Final and Proposed SEC Rules Allowing General Solicitation are Out – Crowdfunding Rules for Non-Accredited Investors to Follow-And So Too Should Caution

On July 10, 2013, the SEC released final SEC rules, effective in September 2013, which will allow general solicitation and advertising in unregistered debt and equity offerings so long as all of the purchasers are accredited investors and the issuer takes reasonable steps to assure itself that its investors are accredited.  As one might expect, this long awaited announcement brought with it a great deal of its own  publicity, much of it generated by service providers who hope to immediately and directly benefit from business opportunities created by the new rules.

One would certainly expect a great deal of hype to follow the new SEC rules and the opportunities created – particularly from those who hope to benefit financially from its implementation.  However, one would hope that those who intend to profit from riding the wave generated by the JOBS act, including the crowdfunding wave yet to be unleashed, would be more circumspect and deliberative in their communications.

Case in point:  SeedInvest, a company which holds itself out on its website as connecting accredited investors to high quality startups and small businesses seeking funding.  Notably, SeedInvest has been cited by Forbes as one of the top 10 crowdfunders of 2013.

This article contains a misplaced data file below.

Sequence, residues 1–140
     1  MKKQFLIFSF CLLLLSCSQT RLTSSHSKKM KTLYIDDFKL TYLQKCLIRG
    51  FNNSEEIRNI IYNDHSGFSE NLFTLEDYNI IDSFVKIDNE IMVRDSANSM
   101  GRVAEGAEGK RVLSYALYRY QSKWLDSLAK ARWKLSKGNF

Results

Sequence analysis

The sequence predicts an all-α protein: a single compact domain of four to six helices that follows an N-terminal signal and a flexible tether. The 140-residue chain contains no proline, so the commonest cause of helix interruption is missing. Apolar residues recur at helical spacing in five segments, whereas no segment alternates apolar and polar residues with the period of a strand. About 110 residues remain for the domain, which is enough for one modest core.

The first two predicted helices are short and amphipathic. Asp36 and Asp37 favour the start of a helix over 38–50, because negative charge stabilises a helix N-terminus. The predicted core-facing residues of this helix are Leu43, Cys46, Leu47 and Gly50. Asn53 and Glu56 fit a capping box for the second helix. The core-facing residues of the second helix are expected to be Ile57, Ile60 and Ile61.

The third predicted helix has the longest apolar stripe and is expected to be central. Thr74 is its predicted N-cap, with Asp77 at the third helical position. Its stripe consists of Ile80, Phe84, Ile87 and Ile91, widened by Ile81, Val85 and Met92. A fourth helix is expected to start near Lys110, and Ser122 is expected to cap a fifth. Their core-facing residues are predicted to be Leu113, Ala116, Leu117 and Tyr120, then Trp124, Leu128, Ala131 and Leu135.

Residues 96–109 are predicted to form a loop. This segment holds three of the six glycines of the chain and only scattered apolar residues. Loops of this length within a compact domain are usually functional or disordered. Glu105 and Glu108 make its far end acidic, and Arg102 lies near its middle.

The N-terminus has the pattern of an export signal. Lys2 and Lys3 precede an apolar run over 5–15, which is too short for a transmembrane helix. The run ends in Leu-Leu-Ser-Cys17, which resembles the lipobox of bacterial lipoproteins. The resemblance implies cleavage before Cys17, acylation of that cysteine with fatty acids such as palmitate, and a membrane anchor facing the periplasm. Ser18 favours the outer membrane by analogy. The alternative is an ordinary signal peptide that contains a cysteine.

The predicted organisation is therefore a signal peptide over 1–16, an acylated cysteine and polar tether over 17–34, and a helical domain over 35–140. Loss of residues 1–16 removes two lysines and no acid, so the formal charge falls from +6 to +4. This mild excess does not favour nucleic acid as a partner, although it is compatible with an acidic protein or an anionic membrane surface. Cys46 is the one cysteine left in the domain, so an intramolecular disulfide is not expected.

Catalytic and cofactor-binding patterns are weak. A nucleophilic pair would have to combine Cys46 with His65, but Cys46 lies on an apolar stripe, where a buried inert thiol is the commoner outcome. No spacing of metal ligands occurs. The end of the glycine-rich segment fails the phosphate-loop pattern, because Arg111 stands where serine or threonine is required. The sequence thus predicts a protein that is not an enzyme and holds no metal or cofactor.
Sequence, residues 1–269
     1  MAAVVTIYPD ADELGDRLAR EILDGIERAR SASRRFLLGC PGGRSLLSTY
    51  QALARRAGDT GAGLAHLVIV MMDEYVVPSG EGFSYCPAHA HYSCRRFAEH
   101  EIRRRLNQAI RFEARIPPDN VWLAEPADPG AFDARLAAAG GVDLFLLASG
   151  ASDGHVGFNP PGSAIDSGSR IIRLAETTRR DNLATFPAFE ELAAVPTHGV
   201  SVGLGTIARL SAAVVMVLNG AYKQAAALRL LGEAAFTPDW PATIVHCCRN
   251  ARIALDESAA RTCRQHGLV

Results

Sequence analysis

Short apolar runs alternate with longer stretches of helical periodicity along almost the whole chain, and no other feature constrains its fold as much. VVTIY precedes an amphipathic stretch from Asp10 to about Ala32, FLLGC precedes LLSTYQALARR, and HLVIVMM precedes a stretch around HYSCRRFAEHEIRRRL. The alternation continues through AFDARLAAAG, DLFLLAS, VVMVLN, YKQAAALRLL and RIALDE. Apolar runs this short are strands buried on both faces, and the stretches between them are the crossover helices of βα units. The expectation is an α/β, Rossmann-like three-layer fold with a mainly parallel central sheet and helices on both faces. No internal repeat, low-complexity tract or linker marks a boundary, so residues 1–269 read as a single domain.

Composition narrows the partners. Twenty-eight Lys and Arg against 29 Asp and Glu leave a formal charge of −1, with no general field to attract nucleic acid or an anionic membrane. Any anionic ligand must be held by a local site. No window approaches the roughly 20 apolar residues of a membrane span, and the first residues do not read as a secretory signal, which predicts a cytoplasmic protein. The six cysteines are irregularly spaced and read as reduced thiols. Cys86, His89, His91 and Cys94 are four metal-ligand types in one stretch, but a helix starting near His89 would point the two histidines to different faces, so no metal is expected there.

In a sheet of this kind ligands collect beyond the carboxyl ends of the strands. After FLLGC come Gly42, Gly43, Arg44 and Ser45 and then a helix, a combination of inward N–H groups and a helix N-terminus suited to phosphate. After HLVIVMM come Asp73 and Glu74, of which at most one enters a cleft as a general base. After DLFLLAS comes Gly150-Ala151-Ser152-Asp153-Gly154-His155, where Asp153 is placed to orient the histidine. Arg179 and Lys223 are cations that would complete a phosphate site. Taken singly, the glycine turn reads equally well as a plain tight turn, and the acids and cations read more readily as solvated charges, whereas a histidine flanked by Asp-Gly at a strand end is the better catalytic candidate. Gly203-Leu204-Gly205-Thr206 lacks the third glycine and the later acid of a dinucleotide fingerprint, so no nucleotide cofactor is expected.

This morning I received an email from SeedInvest informing me of the recent SEC rule changes and how SeedInvest hopes to assist offering participants.   I reprint it below because I believe it represents a “teachable moment” about investing in the Internet age.  Here we go:

“Dear Sam,

In a historic and long awaited move, the SEC voted 4-1 to implement regulations under Title II of the JOBS  Act to lift the 80 year old ban on general solicitation for  securities offerings and bringing the securities industry into the internet    age.

This means that in about 60 days (around late September) companies will be able to generally advertise their securities offerings, so long as all the purchasers of these securities are Accredited Investors.

Companies will be required to take greater steps to verify the     accreditation of their investors, such as checking tax returns, W-2s or  getting certifications from a lawyer or CPA with personal knowledge.     Companies may also be required to make a filing with the SEC 15 days BEFORE  any advertising takes place and they also be required to file all of their     advertising material with the SEC. The penalties for violating these rules are severe, including being barred from raising additional funds using Rule 506 for a full year.

SeedInvest continues to be actively involved and at the forefront of these changes, and has developed a suite of tools to streamline all of these new processes and filing requirements. Companies will be able to use SeedInvest‘s social media tools to push information about their company and their offering to all of their Twitter, LinkedIn and  Facebook followers. Companies can also leverage our automated investor accreditation and verification tools to meet the heightened requirements with ease, comfort and minimal hassle.